Past Exhibitions

The Perfect Pair: Shell-Matching Game Sets
February 8, 2022 - March 13, 2022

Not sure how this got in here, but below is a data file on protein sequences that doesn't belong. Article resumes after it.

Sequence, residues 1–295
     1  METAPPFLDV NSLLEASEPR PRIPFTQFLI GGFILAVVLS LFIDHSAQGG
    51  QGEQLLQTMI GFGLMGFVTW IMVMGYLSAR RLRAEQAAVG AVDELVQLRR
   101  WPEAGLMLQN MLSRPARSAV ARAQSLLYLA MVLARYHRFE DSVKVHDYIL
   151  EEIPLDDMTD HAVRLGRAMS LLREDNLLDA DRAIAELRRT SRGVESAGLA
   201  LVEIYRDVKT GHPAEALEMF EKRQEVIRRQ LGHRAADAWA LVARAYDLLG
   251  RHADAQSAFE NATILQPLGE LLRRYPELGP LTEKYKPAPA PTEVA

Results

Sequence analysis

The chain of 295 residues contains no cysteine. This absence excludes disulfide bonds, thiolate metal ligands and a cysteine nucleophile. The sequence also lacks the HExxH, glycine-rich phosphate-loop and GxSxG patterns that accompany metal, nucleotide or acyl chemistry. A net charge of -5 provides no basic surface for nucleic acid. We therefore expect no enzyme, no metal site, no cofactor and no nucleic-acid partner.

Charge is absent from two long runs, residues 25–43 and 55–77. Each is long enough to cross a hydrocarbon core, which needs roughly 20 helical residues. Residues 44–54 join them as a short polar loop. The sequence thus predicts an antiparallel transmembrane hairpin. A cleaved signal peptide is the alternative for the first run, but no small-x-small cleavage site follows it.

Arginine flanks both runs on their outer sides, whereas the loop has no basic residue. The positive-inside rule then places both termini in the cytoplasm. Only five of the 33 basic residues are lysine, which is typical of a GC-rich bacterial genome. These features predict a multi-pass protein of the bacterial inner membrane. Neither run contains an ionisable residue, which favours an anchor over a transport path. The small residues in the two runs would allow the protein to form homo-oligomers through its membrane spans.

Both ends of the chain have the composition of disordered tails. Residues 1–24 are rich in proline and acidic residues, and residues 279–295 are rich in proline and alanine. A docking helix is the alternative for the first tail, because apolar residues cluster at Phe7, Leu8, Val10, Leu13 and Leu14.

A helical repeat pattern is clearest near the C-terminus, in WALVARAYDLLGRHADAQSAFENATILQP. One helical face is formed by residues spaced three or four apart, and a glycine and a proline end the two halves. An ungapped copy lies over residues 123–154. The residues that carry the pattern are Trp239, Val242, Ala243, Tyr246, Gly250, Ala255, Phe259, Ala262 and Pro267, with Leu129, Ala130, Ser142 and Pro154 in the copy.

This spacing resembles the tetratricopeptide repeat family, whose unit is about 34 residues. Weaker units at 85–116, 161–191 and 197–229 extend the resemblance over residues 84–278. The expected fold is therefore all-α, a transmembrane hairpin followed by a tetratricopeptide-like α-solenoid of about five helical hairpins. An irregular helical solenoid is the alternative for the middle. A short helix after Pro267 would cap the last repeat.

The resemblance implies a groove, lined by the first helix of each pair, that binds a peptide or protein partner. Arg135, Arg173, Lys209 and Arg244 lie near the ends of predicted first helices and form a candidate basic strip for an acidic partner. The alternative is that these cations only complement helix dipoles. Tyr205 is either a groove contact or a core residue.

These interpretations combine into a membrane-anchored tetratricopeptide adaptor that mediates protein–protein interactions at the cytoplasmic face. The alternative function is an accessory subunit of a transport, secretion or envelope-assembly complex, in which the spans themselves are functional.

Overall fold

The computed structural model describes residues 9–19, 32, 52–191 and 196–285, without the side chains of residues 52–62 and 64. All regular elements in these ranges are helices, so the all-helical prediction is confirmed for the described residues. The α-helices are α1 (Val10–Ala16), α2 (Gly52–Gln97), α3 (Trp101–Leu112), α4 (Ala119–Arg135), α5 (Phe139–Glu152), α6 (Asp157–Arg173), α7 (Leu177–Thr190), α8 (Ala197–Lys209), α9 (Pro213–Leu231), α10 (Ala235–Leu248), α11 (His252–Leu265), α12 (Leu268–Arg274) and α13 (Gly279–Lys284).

The shell-matching game (kai awase or kaio'oi) was a popular pastime among aristocrats beginning from the Heian period (794–1185). The two halves of a clamshell share the same surface patterns and cannot be perfectly matched with other shells, so the goal of this game was to identify the most matching pairs. Players could verify the match by looking at the paintings on the inside surfaces. Over time, the left and right shells came to be stored separately in large hexagonal boxes called kaioke. These sets of shells and boxes were incorporated into the highly ritualized marriage ceremonies of the ruling military class, serving as symbols of fidelity and marital union. Elaborate boxes decorated in lacquer and makie (sprinkled metallic powder) with the designs of family crests were thus particularly indispensable and highly symbolic components of a bride's wedding trousseau. Enjoy this display of elegant game sets that offer a window into the lives and hopes of newlyweds of early modern Japan.

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